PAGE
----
Chicago Board Options Exchange - Investment & Finance Definition
A subsidiary of the Chicago Board of Trade that operates as an independent entity, the CBOE trades options on over 1,500 equities and equity index futures. It was founded in 1973 to provide standardized, listed stock options as an alternative to options that were unregulated and created on an individual basis. Now the CBOE accounts for over half of all U.S. options trading and 91 percent of index options trading. Trading began April 26, 1973, with 16 call options that were traded on 16 underlying stocks. Put options were added in 1977. The first option on stock indices was introduced on March 11, 1983, when options on the Standard & Poor’s 100 Index (ticker symbol OEX) were introduced. The CBOE also trades options on the Standard & Poor’s 500 Index (SPX).
Options on interest rates were introduced in June 1989: options based on the 13-week U.S. Treasury bill yield and options on the 5-year, 10-year, and 30-year yields to maturity of U.S. Treasury notes and bonds. The underlying value of these options moves up or down as a result of shifts in the U.S. Treasury yield curve.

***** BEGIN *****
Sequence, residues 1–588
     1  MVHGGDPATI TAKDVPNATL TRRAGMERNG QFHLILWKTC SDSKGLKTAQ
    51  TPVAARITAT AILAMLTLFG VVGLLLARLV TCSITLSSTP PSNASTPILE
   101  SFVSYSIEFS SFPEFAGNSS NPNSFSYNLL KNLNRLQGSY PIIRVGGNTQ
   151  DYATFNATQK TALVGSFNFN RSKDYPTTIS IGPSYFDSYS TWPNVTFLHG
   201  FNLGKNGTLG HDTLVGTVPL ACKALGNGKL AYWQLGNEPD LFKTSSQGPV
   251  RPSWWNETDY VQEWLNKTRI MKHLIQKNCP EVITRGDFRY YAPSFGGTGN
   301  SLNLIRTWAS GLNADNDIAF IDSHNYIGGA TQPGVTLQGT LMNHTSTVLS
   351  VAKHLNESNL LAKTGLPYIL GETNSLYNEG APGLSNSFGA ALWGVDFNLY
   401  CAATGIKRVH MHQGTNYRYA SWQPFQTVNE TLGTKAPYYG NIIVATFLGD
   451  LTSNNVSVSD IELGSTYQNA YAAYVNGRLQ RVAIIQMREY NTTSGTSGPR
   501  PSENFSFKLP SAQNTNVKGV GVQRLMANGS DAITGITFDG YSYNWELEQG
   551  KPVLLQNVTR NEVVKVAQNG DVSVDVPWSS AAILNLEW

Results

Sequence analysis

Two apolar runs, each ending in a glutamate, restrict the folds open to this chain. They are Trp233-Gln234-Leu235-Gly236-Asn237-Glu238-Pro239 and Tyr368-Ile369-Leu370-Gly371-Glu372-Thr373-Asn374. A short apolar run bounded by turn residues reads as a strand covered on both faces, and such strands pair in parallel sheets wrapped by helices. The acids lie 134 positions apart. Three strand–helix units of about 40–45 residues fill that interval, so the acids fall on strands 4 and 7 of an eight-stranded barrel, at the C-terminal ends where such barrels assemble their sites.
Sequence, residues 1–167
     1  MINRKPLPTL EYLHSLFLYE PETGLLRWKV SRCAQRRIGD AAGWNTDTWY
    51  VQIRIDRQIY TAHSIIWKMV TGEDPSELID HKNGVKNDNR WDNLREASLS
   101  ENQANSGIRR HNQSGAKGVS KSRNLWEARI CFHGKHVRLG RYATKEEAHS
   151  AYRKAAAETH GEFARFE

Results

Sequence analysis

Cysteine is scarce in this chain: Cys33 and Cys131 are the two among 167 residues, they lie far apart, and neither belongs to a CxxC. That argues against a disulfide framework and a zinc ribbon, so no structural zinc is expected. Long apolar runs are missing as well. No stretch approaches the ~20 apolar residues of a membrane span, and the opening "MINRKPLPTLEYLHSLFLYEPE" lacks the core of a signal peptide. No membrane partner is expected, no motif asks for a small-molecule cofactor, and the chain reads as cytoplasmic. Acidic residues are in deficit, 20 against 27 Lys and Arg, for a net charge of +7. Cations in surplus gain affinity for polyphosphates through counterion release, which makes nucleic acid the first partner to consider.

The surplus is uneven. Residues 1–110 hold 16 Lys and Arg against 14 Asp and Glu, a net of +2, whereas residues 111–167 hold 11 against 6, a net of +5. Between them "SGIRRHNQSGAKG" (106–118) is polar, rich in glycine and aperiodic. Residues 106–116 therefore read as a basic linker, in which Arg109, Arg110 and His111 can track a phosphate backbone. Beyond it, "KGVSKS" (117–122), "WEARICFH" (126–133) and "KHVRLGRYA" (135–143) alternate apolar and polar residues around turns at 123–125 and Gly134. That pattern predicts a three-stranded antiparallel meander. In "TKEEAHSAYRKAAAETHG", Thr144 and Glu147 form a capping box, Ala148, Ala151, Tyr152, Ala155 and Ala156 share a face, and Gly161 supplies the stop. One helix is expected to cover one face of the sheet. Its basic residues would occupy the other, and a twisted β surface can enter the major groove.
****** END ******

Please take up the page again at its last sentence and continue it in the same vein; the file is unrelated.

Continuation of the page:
In 1993, the CBOE created FLEX (flexible exchange) options on the S&P 100, S&P 500, and Russell 2000 indices. FLEX options allow institutional investors to customize the terms of an option contract, the expiration date (up to 5 years), the strike price, and the exercise style and settlement basis, with a minimum opening underlying contract value of $10 million. In 1997, options on the Dow became eligible for FLEX trading.
Trading on sector indices began on the CBOE in October 1992. Options on sector indices in the automotive (AUX), banking (BIX), chemical (CEX), software (CWX), environmental (EVX), gaming (GAX), gold (GOX), healthcare (HCX), internet (INX), insurance (IUX), oil (OIX), retail (RLX), and transportation (TRX) industries are now listed. In 1994, the CBOE Mexico Index (MEX), the Nikkei 300 Stock Index (NIK), and the CBOE Israel Index (ISX) were launched to give U.S. investors the ability to hedge the risks associated with holding stocks in foreign markets. In 1995, new CBOE sector indices in REITs (RIX) and technology (TXX) were added.Webster's New World Finance and Investment Dictionary Copyright © 2010 by Wiley Publishing, Inc., Indianapolis, Indiana.
Used by arrangement with John Wiley & Sons, Inc.